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  • Egypt gets serious about science with 12-year strategy


[CAIRO] A comprehensive plan for developing Egyptian science and technology was approved last week at Egypt's first national conference on scientific research.

The strategy is Egypt's first attempt to create an integrated system of scientific research. Relevant national ministries and research institutions have agreed to work together to increase the number of trained scientists in Egypt, and give science a bigger role in the country's development.

The 12-year plan, prepared by Egypt's Ministry of Scientific Research and Academy of Scientific Research in consultation with other ministries and more than 300 scientists, has a working budget of US$8.5 billion. Egypt's cabinet is expected to endorse it in July.

Under the strategy, Egypt will launch postgraduate and other training programmes in disciplines including biotechnology, renewable energy, pharmaceutical science, agriculture, water and information and communication technologies.

Another focus is increasing women's involvement in science, which will be encouraged through conferences and the creation of a database of female researchers to foster networking.

Programmes and workshops to train science policy advisors will also be launched.

"The strategy will create opportunities for Egyptian researchers to develop their professional skills through workshops and training programmes, as well as offering funds for research projects," says biotechnologist Hassan Abdel Aal Moawad of the National Research Center, a former president of Mubarak City for Scientific Research and Technology Applications who helped prepare the plan.

To implement the strategy between 2005 and 2017, the conference approved an increase in government support for scientific research from 0.9 per cent to one per cent of the budget. This is projected to reach a total of US$8.5 billion over the 12 years.

Together with money from the private sector and international organisations, part of this budget will be used to set up a fund for scientific research and technological innovation.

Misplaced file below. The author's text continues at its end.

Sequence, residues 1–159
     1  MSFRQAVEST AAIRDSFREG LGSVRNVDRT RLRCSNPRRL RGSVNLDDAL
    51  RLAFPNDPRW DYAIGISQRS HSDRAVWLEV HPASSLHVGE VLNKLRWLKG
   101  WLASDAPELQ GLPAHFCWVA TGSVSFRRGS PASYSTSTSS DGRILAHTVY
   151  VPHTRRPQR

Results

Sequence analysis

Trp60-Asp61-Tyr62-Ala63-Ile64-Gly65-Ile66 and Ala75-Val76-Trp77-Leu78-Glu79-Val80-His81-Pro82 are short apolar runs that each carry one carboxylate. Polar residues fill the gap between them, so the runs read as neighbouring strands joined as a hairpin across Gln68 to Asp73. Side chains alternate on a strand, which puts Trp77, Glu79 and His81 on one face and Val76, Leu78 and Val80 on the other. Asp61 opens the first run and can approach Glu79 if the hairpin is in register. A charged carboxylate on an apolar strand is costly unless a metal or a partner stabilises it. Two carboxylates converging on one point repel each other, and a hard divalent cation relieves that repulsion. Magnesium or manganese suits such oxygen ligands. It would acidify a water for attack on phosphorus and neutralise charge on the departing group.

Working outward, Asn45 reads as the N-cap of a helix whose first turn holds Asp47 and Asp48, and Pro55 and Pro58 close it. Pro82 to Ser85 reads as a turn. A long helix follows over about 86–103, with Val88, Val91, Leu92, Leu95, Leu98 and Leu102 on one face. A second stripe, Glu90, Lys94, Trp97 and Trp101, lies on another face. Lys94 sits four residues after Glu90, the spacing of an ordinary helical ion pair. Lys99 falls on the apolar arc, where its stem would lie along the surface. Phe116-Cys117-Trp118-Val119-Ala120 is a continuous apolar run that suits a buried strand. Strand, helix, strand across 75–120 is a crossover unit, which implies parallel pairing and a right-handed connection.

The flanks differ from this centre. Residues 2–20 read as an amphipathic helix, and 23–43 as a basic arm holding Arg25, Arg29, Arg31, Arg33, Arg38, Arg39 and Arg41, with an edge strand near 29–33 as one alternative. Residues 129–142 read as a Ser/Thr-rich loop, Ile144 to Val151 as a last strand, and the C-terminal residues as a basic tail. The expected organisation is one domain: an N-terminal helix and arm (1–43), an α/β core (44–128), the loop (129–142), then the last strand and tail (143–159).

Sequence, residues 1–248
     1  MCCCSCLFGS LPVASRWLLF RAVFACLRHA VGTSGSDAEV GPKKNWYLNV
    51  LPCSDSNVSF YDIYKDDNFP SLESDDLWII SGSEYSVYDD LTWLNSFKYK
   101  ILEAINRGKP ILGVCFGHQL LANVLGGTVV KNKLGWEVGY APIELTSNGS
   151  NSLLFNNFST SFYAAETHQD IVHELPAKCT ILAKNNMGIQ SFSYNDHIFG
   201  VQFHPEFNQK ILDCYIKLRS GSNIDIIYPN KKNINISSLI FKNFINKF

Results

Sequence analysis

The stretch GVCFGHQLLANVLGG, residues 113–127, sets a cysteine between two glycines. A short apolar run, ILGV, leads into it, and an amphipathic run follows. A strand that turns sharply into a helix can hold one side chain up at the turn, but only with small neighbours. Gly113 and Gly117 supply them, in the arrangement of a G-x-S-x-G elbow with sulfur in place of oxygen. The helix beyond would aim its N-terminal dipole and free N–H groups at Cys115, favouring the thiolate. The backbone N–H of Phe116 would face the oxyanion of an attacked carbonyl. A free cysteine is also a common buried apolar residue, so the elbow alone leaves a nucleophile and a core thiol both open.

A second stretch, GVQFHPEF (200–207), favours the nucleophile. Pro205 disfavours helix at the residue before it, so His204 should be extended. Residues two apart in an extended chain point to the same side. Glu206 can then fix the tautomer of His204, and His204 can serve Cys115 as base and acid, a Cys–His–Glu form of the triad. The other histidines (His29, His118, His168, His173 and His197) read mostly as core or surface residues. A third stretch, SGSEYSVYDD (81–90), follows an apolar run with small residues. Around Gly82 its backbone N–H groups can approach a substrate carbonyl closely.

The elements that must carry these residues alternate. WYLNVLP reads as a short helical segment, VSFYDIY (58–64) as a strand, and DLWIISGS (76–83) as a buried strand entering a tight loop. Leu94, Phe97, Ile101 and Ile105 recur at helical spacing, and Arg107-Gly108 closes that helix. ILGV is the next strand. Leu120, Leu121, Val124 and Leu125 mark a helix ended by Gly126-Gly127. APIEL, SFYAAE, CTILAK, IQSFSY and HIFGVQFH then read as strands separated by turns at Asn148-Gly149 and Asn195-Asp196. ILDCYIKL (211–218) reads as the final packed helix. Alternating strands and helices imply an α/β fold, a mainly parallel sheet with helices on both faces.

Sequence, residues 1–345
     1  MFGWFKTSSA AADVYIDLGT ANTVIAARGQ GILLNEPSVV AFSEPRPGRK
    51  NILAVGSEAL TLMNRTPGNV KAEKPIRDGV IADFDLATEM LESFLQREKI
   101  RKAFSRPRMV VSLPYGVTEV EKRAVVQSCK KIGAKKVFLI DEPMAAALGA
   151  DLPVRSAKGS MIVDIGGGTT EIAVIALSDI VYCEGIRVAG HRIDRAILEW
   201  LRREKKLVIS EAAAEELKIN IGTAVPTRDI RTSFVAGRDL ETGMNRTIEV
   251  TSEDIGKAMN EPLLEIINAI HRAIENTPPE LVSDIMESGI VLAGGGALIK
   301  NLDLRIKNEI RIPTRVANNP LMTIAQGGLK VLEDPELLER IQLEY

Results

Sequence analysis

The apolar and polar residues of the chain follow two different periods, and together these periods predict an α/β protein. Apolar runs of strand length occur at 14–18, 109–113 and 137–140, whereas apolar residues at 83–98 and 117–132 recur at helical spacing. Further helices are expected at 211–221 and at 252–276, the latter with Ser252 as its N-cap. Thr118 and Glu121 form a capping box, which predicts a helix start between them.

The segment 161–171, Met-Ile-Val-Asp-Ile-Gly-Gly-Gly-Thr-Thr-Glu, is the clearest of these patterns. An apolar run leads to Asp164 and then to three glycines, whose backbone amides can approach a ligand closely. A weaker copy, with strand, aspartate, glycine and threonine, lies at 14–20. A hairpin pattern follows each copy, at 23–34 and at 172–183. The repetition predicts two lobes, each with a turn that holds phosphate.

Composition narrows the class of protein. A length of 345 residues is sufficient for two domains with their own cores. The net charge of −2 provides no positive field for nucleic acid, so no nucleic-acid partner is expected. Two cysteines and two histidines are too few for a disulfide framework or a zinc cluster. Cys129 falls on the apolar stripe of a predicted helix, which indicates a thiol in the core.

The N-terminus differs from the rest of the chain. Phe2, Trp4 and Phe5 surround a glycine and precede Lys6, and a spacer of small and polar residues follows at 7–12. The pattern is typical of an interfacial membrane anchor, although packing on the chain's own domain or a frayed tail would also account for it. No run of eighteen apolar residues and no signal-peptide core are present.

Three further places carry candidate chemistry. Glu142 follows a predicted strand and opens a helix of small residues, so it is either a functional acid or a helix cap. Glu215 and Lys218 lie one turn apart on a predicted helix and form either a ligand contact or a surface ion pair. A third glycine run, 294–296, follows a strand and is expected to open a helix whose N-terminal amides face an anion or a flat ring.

Moawad told SciDev.Net that although the strategy is an important step, it remains to be seen how its scientific research fund will support projects on the ground.

Applied research leading to new products will be a priority for Egyptian science in future. And, to help assess the role of science in national development, studies will be carried on the socio-economic impacts of new technologies.

To encourage the private sector to invest in research and development, the strategy includes setting up 'investors' offices' in research institutes. These will promote opportunities for investing in technology, propose science-based solutions to problems in the industrial sector, and help market the products of applied research.

By arranging meetings, these offices will help build bridges between Egypt's scientific and business communities.

Communicating science to the general public is another aim of the strategy. To achieve this, Egypt will help fund new popular science magazines and books, as well as broadcast programmes about science on television and providing training for science journalists.

As each aspect of the strategy is implemented, it will be evaluated by committees of Egyptian scientists based both in the country and abroad.

The 28-29 May conference also called for the creation of a new body, the Higher Council for Scientific Research and Technology Development, which would include government ministers and scientific and educational experts, and be headed by Egyptian president Mohammed Hosni Mubarak.

Opening the conference, Egypt's prime minister Ahmed Nazif said that the country has 170,000 scientists, or 2,000 per million of the population. The figure for most developing countries, he added, is about 800 per million.

But Amr Ezaat Salama, the minister for higher education and scientific research, pointed out that Egypt's research sector faces major problems, including a lack of connection between science and development policies, limited investment in technology, little legislation in support of science and a lack of 'teamwork'. (see Egypt's academic quarrels are limiting research)

More than 4,000 scientists and science policymakers representing various research institutions in Egypt attended the meeting.

Read more about research and development in SciDev.Net's research and development dossier.

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